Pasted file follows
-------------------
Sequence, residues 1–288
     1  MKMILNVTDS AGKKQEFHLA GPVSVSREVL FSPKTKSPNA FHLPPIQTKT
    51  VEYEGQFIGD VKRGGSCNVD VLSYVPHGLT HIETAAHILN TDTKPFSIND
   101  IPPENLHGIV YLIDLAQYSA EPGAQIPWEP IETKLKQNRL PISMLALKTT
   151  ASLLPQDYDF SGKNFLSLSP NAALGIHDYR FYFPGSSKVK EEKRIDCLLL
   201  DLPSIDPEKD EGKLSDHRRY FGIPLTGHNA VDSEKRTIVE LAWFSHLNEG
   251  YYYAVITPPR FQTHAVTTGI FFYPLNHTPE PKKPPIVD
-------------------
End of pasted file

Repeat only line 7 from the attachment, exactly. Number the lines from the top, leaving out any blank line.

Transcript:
   251  YYYAVITPPR FQTHAVTTGI FFYPLNHTPE PKKPPIVD